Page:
David Barkway’s desk on the open trading floor at BMO Nesbitt Burns in downtown Toronto looks just the way he left it on Friday, Sept. 7, before he headed off to New York. Photos of his wife, Cindy, his two-year-old son, Jamie, and a copy of his itinerary sit amid a pile of memos and reports—reminders of a respected, fun-loving colleague. Barkway’s warmth stood out on Bay Street. “There are a lot of egos in this business,” says Byron Bianco, recalling the buddy who liked to chat and joke. “It didn’t matter if you were the CEO or the cleaning lady, David made everyone feel important.” Vince Murray, another friend and a vice-president at the firm, says the mourning continues: “We miss him. We miss him badly.”
A week into his new job as managing director of capital markets, Barkway had business to attend to at the World Trade Center. The big man with the little boy grin looked forward to the buzz of Man-
hattan. “He would get really excited about things,” says Cindy, who is expecting their second child in January. “He worked hard, he took it seriously.” The couple flew to New York on Sunday, the day after they celebrated his birthday on Sept. 8. “He kept saying, ‘I’m 34, I’m so old now,’ ” recalls Cindy. “Then this happened. You know, 34 isn’t so old.” Adopted at six months, Barkway was born in Ottawa and grew up in tiny Martintown, near Cornwall, Ont. He never had any interest in seeking his biological parents, telling a sometimes curious
Cindy that Peter Barkway, a minister, and his wife, Mary, a schoolteacher—the couple who raised him and his adopted brother—were “unquestionably my mom and dad.” In high school, he worked as a lifeguard and did a stint as a DJ. Fie worked part time at a bank while attending Carleton University in Ottawa, where he met Cindy. “He was your allCanadian guy, the kind you immediately flock to,” says Anthony Ferrari, a friend since university.
In 1992, after graduating with a BA in economics and law, Barkway moved to Toronto to work full time with Canada Trust. “He was so successful at work,” says Randy Reid, a former colleague and best man at his 1997 wedding, “but work would be the last thing he would talk about in his spare time.” Barkway had outside passions, too. “He wanted to golf all the time,” says Cindy. “After my brother invited him to play his first game five years ago, he caught the fever.” A big fan of the Tragically Hip, he liked fast boats and an occasional cigar. But it was Barkway’s enthusiasm for life and his willingness to share it that people admired. “I consider myself a close friend,” says Reid, “and I am sure there are another 100 guys out there who do as well.”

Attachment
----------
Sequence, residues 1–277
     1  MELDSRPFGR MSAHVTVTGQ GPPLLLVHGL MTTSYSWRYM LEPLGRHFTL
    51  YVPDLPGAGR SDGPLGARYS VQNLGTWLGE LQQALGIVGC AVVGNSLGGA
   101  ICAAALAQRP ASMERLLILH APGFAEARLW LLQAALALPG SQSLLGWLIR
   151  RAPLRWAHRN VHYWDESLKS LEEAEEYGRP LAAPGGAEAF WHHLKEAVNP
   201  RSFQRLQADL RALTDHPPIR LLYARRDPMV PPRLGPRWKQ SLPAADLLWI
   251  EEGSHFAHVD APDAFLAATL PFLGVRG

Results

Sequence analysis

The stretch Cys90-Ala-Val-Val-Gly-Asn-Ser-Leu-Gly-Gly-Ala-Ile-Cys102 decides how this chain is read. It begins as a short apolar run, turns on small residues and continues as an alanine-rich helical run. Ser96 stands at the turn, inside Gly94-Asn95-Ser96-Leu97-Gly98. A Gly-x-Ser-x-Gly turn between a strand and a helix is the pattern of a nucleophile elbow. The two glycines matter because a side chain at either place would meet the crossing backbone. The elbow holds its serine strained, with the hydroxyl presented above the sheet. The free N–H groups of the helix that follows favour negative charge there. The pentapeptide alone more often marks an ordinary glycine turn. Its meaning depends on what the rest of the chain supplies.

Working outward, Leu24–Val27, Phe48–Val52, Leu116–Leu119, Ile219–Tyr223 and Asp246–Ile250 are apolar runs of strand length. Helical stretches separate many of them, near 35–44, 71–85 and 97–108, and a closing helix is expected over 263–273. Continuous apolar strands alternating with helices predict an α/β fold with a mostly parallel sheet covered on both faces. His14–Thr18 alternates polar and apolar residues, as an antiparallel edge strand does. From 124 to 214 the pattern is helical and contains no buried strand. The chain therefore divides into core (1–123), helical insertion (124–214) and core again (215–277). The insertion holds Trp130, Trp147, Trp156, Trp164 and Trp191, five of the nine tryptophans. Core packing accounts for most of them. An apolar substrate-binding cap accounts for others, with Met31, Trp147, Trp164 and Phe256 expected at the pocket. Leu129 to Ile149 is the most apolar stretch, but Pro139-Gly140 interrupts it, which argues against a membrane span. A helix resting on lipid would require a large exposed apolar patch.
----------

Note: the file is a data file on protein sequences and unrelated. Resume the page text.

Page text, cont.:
His biggest passion, friends say, was his family. “For such a young man, he had his priorities straight,” says Ferrari. “I think the saddest thing for all of us is how much he enjoyed being a father. For Jamie, he
would have been the dad every kid dreams of having.” Last February, he and Cindy moved into an ivy-covered house in a prosperous Toronto suburb. Most nights, around 6:30 p.m., he’d stride past the picket fence, up the flagstone path that curved through the small Englishstyle garden, and when he opened the red front door, little Jamie, blond like his mother, would come running down the hall and reach out for Daddy. “He loved being with Jamie,” says Cindy. “We were still getting settled in. We were having fun just going through life.” m
The story you want is part of the Maclean’s Archives. To access it, log in here or sign up for your free 30-day trial.
Experience anything and everything Maclean's has ever published — over 3,500 issues and 150,000 articles, images and advertisements — since 1905. Browse on your own, or explore our curated collections and timely recommendations.WATCH THIS VIDEO for highlights of everything the Maclean's Archives has to offer.